In FIG. 24, the carrier body 24 is open-ended at both sides and has end faces 101a, 101b with which an inner end face 103 of the top lid 73 and an inner end face 105 of the bottom lid 25 are engaged in close contact relation, respectively. The carrier body 74 has flanges 102a-102d provided at both sides of the end faces 101a and 101b. Also, the top lid 73 has a pair of flanges 104a, 104b at both sides of the inner end face 103, and the bottom lid 75 has a pair of flanges 106a, 106b at both sides of the inner end face 105. The flanges 102a and 104a, 102b and 104b, 102c and 106a, and 102d and 106b are gripped in pairs by clips 77a, 77b, 77c and 77d, respectively, the top lid 73 and the bottom lid 75 are fixed to the carrier body 74 and the carrier body 74 is enclosed. By selectively attaching and detaching the clips 77a-77d over the pairs of flanges, it is possible to attach and detach only the top lid 73, only the bottom lid 75, or both the top and bottom lids 73, 75 with respect to the carrier body 74 as desired. The clips 77a-77d are formed to have respective opening portions 107a-107d for providing some elasticity, so that the clips can fit over the pairs of flanges 102a and 104a, 102b and 104b, 102c and 106a, and 102d and 106b via their opening portions 107a-107d, thereby securely grasping the respective pairs of flanges.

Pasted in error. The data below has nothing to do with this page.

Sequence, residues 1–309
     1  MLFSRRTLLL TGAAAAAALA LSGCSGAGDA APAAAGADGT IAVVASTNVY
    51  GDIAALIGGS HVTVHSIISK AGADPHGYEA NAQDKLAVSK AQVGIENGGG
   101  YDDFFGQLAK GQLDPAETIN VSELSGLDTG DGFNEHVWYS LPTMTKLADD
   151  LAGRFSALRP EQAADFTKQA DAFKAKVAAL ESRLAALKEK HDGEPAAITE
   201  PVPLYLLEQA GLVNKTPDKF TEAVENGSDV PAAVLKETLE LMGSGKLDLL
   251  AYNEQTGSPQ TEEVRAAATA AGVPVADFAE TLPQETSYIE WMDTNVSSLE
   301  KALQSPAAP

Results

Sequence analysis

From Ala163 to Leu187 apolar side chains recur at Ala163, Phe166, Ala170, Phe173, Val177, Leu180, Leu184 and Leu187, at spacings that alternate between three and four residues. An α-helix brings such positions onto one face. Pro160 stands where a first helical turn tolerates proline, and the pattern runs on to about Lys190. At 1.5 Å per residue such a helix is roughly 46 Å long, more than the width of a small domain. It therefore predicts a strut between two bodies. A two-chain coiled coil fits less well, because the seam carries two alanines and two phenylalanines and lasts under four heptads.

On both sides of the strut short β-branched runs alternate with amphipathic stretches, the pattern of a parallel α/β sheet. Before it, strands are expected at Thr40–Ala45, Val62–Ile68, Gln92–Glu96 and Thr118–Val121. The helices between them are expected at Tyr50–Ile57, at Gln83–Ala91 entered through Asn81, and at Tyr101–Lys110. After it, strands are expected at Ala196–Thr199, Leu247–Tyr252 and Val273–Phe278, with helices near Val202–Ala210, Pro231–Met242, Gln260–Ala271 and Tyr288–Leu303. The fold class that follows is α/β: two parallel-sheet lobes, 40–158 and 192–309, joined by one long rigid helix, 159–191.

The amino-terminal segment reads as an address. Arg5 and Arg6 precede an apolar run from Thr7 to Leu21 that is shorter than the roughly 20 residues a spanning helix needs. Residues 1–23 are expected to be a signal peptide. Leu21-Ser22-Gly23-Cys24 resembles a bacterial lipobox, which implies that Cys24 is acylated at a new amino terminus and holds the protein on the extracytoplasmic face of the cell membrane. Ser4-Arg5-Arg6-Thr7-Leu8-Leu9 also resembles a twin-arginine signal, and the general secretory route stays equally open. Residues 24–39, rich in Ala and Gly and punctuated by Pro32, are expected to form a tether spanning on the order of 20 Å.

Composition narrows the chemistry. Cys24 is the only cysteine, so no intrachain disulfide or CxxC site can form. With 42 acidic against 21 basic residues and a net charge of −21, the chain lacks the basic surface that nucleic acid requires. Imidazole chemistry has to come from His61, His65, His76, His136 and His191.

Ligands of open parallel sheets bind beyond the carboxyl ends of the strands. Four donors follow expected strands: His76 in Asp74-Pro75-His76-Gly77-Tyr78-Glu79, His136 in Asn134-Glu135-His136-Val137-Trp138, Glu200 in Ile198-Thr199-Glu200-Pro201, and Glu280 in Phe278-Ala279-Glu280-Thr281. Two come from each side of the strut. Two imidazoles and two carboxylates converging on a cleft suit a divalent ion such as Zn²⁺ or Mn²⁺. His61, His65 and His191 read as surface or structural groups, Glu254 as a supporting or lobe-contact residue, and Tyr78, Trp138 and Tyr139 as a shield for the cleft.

Moreover, when the bottom lid 75 is fitted to the carrier body 74 and the top lid 73 is fitted to the carrier body 74, a holder portion 100 provided in the top lid 73 is also accommodated in the carrier body 74. SO, if the holder portion 100 holds thereon the wafer 76, the wafer 76 is also simultaneously loaded into the carrier body 74.

Several embodiments of the holder portion 100 for holding the wafer 76 will be described below in detail.

FIG. 24 shows in a perspective the holder portion 100 utilizing the principles of a Bourdon's tube, and FIG. 25 shows a cross section thereof.